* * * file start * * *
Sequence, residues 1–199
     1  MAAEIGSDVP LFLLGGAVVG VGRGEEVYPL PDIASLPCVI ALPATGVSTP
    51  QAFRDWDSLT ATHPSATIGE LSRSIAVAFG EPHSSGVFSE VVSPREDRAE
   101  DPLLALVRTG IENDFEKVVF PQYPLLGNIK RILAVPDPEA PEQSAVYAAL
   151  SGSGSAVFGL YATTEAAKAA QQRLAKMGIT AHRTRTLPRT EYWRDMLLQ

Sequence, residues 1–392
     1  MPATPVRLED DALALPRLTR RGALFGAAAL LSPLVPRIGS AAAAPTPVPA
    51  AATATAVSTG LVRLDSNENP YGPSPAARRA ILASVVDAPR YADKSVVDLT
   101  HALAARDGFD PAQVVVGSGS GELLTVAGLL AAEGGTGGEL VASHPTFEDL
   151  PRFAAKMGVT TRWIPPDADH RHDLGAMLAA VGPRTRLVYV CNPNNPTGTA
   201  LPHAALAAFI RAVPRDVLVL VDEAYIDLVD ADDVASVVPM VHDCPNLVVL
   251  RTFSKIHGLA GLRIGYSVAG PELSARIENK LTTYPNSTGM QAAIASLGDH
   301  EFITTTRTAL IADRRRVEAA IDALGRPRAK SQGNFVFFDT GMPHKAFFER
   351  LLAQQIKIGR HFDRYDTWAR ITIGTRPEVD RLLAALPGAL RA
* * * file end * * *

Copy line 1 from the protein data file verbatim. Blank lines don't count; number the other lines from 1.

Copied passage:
Sequence, residues 1–199